FIG. 4 is a side elevational view of the knife blade receiving receptacle taken from the aspect of 4--4 of FIG. 2;
FIG. 5 is a longitudinal sectional view taken substantially along 5--5 of FIG. 4, such view showing the inside and outside regions bounding the knife blade slot in the top;
FIG. 6 is an enlarged scale fragmentary view of the upper portion of FIG. 5;
FIG. 7 is a side elevational view of the belt clip, looking towards the loop fastener component on the belt clip;
FIG. 8 is a side elevational view of the belt clip taken from the aspect of line 8--8 in FIG. 7; and
FIG. 9 is a side elevational view of the belt clip looking towards the side opposite the side shown by FIG. 7.
FIG. 1 shows a receptacle 10, embodying the present invention, positioned adjacent a belt clip 12. Belt clip 12 is shown positioned on a belt 14. Clip 12 has a front wall 16 that includes one component 18 of a hook and loop fastener used to attach the receptacle 10 to the belt clip 16. As will hereinafter be described in greater detail, the second component 20 of the hook and loop fastener is on the receptacle 10.
Referring to FIGS. 2-6, in preferred form, the receptacle 10 has a top wall 22, a bottom wall 24 and four side walls 26, 28, 30, 32. In accordance with the invention, one of the walls includes a blade receiving slot 34. In the illustrated embodiment, the slot-including wall is top wall 22. As best shown in FIGS. 5 and 6, inside the receptacle 10 the slot 34 is laterally outwardly bounded by narrow edges 36, 38. The edges 36, 38 are laterally outwardly bound by spaces 40, 42.
When a knife blade 43 (FIG. 3) is inserted through slot 34 into the interior 45 of the receptacle 10, the top end of the blade 43 will fall below the edges 36, 38. In order for a blade 43 to be removed from the receptacle 10, the upper end of the blade 43 would have to become realigned with the slot 34. The edges 36, 38 do not facilitate this alignment. They make alignment very difficult. Once the upper end of the blade is aligned with either space 40 or space 42, it will become less likely that the blade 43 will become aligned with the slot 34. As the result, the chances are very small that a blade 43 will move from the internal space 46 out through the slot 34.
As best shown by FIG. 6, the top wall 22 includes inwardly converging surfaces 44, 46 flanking the slot 34. Surfaces 44, 46 converge as they extend inwardly towards the slot 34. Whereas the configuration within the receptacle 10, in the region of the inner end of the slot 34, discourages knife blade movement through the slot 34, the surfaces 44, 46 encourage movement of a knife blade 44 to the slot 34.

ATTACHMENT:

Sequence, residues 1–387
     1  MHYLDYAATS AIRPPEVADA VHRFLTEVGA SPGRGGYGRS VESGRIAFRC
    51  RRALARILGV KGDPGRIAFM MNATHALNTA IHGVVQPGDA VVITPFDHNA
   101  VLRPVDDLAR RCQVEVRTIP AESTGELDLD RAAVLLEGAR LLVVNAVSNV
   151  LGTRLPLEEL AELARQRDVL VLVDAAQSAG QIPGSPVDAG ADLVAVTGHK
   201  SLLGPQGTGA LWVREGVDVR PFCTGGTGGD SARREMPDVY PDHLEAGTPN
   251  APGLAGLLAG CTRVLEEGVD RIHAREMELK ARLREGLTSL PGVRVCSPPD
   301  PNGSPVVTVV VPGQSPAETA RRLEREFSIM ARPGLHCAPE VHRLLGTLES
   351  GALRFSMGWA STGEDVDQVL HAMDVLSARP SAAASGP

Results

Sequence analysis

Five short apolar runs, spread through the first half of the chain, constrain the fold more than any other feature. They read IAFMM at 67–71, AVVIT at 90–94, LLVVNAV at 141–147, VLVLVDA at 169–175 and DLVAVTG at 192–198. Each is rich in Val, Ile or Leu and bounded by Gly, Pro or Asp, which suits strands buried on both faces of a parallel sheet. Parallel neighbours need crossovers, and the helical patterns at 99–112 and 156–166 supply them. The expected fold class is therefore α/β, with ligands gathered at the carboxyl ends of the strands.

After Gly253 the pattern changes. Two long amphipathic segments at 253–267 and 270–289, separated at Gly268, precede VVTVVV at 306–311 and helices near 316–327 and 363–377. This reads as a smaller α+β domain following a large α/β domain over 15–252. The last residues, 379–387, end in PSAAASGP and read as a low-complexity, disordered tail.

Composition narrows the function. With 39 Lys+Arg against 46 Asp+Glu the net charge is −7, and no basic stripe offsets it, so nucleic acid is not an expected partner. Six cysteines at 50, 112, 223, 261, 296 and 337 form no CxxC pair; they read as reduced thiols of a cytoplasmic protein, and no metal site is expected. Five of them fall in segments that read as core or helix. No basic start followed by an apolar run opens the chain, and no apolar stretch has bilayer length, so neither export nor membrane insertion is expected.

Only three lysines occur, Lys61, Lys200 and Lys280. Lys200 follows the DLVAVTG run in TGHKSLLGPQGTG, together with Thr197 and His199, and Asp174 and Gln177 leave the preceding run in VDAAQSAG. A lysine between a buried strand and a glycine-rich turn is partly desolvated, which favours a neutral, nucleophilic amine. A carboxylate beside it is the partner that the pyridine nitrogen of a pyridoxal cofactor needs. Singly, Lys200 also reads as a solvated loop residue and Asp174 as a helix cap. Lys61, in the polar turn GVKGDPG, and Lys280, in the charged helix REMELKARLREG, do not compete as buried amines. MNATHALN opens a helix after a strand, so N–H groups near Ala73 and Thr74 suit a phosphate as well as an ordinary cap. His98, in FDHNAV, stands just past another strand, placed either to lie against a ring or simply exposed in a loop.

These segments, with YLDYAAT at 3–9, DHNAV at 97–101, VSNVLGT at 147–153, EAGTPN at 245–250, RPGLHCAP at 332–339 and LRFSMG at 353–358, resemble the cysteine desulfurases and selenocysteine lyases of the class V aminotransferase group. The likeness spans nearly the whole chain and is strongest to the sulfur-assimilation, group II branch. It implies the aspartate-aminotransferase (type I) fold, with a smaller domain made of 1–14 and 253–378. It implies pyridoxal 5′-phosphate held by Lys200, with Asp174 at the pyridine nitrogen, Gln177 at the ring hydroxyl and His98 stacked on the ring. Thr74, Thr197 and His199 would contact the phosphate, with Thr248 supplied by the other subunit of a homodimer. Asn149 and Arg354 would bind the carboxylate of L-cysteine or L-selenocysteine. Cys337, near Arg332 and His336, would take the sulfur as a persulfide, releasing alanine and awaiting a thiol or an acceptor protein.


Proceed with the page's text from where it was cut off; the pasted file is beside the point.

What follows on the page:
The receptacle 10 may be made in two pieces by injection molding. The side walls 26, 28, 30, 32 and the bottom wall 24 may be formed as a single piece and the top wall 22 may be formed as a separate piece. FIG. 3 shows space 46 widening as it extends up from the bottom wall 24. This widening may occur both between walls 26, 30 and between walls 28, 32. This widening facilitates removal of the major piece 24, 26, 28, 30, 32 from its mold. After the two parts are made, the top wall 22 may be glued to the upper edges of the side walls 26, 28, 30, 32, at 48.
By way of typical and therefore non-limitive example, the receptacle 10 may measure about 21/2-5 inches in length, between 1-2 inches in width and between 1/2 and 11/2 inches in depth. In preferred form, the receptacle measures about three inches in length, about 11/4 inches in width and about 3/4 inch in depth. The wall may be about 1/16 inch thick. The slot width may be about 25 mm.
Referring again to FIG. 6, the edges 36, 38 may be at the lower end of a pair of thin flaps 50, 52. The flaps 50, 52 are preferably resilient so that a knife blade 43 that is slightly wider than the slot 34 can be pushed through the slot 34 and into the inner space 45.
Referring to FIGS. 7-9, the clip 12 has a back part 54 that is connected to the front part 16 by an end part in the form of a bight 56. Back part 54 includes an indented region 56 which normally makes contact with the front part 16. The front and back parts 16, 54 and the bight 56 form what is in effect a spring. Clip 12 includes a belt opening 60 and a belt avenue 62 that is shaped to facilitate movement of the belt 14 between region 58 of back part 54 and front part 16. Once the belt is inside the space 60, as shown in FIG. 1, the spring energy in the clip 12 returns region 58 back into contact with part 16.
Elements 18, 20 are the two components of a hook and loop fastener. An example of this type of fastener is sold under the trademark VELCRO. When the belt 14 is on a user, and the clip 12 is on the belt 14, the user can move fastener component 20 on the receptacle 10 into engagement with fastener component 18 on clip 12. The engagement of the two fastener components 18, 20 will hold the receptacle 10 and its contents connected to the clip 12 until receptacle 10 is forcibly pulled away from clip 12 to break the hold that the fastener components 18, 20 have on each other.
If the slot 34 is put into one of the side walls 26, 28, 30, 32, it should be made long enough to permit a sideways insertion of the knife blade 44 through the slot 34. In place of the slot structure that is illustrated, the slot including wall may be a flat wall of uniform thickness in which a cut is made. The cut becomes the slot. The knife blade is then forced through the cut into the receptacle.
The illustrated and above described embodiments are only examples of the present invention and, therefore, are non-limitive. It is to be understood that many changes in the particular structure, materials and features of the invention may be made without departing from the spirit and scope of the invention. Therefore, it is my intention that my patent rights not be limited by the particular embodiments illustrated and described herein, but rather determined by the following claims, interpreted according to accepted doctrines of claim interpretation, including use of the doctrine of equivalents and reversal of parts.